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Ontario salons struggling to reopen after some of the longest closures in Canada

Studio H Artists Group (Provided by Heather Wenman) / Selena Hofmann (Provided by Selena Hofmann) Studio H Artists Group (Provided by Heather Wenman) / Selena Hofmann (Provided by Selena Hofmann)

Ontario’s personal care service industry has faced some of the longest pandemic closures of any industry in Canada.

Hair salons in the province have been shut down since April, while those in COVID-19 hot spots like Toronto and Peel have been closed since November 2020.

“We've been closed seven months over the last year,” Heather Wenman, owner of Studio H Artists Group, told CTV News Toronto on Tuesday.

“We’ve had to rebook all of our appointments six times.”

While some salons were able to access financial supports, others weren’t so lucky. 

“For the most part, even if people qualified for grants, it didn't cover the full cost of not being in business,” she added.

Wenman said that “some of [her colleagues] who applied for the grants have not yet received them.”

Applications for the COVID-19 Small Business Support Grant closed on April 7.

The long closures may seem to indicate that transmission is occurring within the industry, but according to city data, there has only been one outbreak attributed to a personal care service in the City of Toronto over the course of the pandemic.

In order to stay afloat during the lockdowns, Wenman had to shift to selling retail stock and offering at-home dye kits.

“That is still less than 10 to 20 per cent of our overall usual income,” she said.

With a move into Step 2 of the province’s reopening plan slated for July 2 at the earliest, hairstylists are finally able to look towards reopening and going back to work — but some are feeling jaded.

“People in our industry have gone through a lot in the last while and I feel like we're starting to understand that the current government and governments in the past have not supported our industry in a very equitable way,” Hofmann said.

“We don't have insurance that covers chronic pain related to working as a hairstylist. We don’t have paid parental leave. We don’t have paid sick days,” she said.

Hofmann pointed to the fact that the industry is highly feminized and racialized compared to many other trades as a possible reason for the lack of worker protections.

“They're obviously highly feminized and racialized fields, so it's interesting to see the government response — what stayed open and what stayed closed in the past eight months — I think it's definitely like a factor to consider when we think about the treatment of personal care services.”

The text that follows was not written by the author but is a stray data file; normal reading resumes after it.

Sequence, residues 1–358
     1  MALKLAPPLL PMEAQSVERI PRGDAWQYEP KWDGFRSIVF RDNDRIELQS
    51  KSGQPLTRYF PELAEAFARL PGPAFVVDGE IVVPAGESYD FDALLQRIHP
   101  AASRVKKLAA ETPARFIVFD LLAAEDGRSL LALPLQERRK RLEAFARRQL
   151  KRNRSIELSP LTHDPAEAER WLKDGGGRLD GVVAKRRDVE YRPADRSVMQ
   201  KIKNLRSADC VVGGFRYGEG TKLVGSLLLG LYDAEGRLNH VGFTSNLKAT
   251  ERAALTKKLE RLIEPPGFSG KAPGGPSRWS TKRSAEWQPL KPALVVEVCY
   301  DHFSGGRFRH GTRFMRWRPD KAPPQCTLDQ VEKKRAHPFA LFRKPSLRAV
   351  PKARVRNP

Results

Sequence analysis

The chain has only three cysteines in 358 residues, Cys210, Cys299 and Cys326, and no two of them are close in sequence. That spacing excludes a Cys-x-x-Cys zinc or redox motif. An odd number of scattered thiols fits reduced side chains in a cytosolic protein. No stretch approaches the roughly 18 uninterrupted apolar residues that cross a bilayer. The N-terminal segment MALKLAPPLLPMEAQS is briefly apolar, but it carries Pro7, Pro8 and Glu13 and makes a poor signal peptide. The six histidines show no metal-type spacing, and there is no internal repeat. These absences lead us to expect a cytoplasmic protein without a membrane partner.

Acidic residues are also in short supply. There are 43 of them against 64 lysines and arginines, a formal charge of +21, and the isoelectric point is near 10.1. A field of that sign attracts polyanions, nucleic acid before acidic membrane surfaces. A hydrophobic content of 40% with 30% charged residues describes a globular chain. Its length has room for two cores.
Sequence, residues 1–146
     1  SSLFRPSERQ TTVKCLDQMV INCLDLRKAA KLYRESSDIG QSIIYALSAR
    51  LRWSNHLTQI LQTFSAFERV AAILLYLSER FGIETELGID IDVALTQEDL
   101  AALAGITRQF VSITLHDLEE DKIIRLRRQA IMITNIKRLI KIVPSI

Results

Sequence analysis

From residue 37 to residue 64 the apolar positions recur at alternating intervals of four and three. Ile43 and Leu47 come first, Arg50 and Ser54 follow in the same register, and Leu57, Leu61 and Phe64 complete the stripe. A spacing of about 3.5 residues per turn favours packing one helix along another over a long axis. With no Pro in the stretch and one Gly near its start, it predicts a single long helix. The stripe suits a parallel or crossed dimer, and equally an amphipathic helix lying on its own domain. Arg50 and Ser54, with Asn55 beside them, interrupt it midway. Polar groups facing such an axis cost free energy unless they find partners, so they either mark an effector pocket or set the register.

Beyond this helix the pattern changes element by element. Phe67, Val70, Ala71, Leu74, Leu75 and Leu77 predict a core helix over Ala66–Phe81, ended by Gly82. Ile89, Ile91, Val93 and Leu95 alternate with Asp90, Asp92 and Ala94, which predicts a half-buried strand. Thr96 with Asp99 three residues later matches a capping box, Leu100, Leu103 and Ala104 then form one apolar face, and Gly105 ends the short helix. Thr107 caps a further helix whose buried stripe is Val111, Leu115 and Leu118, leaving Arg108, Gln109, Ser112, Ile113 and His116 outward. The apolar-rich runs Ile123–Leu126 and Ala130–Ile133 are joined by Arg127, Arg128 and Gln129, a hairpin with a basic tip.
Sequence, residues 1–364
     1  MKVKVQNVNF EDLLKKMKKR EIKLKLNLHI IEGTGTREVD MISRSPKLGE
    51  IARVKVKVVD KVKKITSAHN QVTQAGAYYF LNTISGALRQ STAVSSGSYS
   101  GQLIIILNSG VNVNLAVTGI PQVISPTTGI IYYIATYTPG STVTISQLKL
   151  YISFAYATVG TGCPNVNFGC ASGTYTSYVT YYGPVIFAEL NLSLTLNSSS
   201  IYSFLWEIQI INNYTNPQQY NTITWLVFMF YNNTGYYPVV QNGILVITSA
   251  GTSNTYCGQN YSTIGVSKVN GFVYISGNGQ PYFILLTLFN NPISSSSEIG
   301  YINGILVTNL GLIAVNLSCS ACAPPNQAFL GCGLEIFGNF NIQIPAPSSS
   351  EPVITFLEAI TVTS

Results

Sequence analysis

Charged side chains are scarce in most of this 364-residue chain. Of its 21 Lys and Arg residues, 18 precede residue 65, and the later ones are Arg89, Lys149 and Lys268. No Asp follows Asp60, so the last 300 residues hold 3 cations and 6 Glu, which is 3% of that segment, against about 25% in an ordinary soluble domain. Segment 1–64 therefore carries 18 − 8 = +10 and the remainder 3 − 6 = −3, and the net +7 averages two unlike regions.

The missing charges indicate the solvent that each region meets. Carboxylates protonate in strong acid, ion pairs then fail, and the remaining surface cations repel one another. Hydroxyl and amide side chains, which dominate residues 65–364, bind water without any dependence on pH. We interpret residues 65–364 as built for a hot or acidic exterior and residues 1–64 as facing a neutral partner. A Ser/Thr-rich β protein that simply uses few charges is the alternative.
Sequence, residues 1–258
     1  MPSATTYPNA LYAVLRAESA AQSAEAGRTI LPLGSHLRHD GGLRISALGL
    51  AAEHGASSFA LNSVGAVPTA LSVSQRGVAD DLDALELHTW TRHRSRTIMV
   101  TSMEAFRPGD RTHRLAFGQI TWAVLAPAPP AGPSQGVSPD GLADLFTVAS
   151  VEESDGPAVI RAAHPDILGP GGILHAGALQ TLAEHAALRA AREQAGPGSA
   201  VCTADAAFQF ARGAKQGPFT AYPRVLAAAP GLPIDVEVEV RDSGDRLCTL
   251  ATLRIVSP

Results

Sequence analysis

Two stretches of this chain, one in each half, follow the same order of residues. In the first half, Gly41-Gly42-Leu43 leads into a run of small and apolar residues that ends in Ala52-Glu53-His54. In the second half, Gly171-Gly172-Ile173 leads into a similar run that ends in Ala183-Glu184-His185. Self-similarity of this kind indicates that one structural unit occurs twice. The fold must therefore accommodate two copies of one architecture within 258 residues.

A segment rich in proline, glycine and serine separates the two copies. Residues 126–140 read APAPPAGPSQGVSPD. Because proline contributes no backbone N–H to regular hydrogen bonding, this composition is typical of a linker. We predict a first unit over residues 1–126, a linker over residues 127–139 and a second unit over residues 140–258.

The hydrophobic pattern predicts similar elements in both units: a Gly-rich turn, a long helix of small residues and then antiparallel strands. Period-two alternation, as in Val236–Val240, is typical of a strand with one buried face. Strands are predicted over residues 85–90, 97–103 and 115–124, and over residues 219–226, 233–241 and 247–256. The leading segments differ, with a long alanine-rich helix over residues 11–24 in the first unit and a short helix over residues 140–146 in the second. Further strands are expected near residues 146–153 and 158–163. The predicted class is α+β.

Wenman echoed that belief, adding that the industry “certainly has been yo-yoed.”

“We've had many ups and many downs and we're losing faith in our government because nobody's listened to us,” Wenman said.

Wenman said that her business has barely made enough profit in the last year to afford to reopen.

“We are going back into a situation where it's very difficult to invest more in (personal protective equipment), to invest in more client services like online booking. It's going to be very, very difficult for salons to make up [for lost income] and get back on their feet,” she said.

She’s concerned that the added challenges, coupled with the struggles of the past year, will prevent employees in the industry from returning.

“We're worried that a lot of hairstylists won't come back to the salon because they may have started working on their own or they may have chosen to never come back,” Wenman said.

In order to stop this struggling industry from drowning, Wenman has a few suggestions — some of which include amending the indoor gathering limits in Step 2 of Ontario’s reopening plan.

“We need to loosen the regulation of five [people] maximum indoors in salons,” Wenman said.

“Five people in a salon of 3000 sq. feet, for example, is bankruptcy,” she continued.

In addition to immediate changes to occupancy rules, Wenman is also advocating for her industry to be deemed essential in the future, citing the lack of outbreaks in the industry over the past year.

“What we need going forward to open smoothly and to stay open is to become essential and to be appreciated and trusted for our sanitation and safety protocols,” she said. Top Stories

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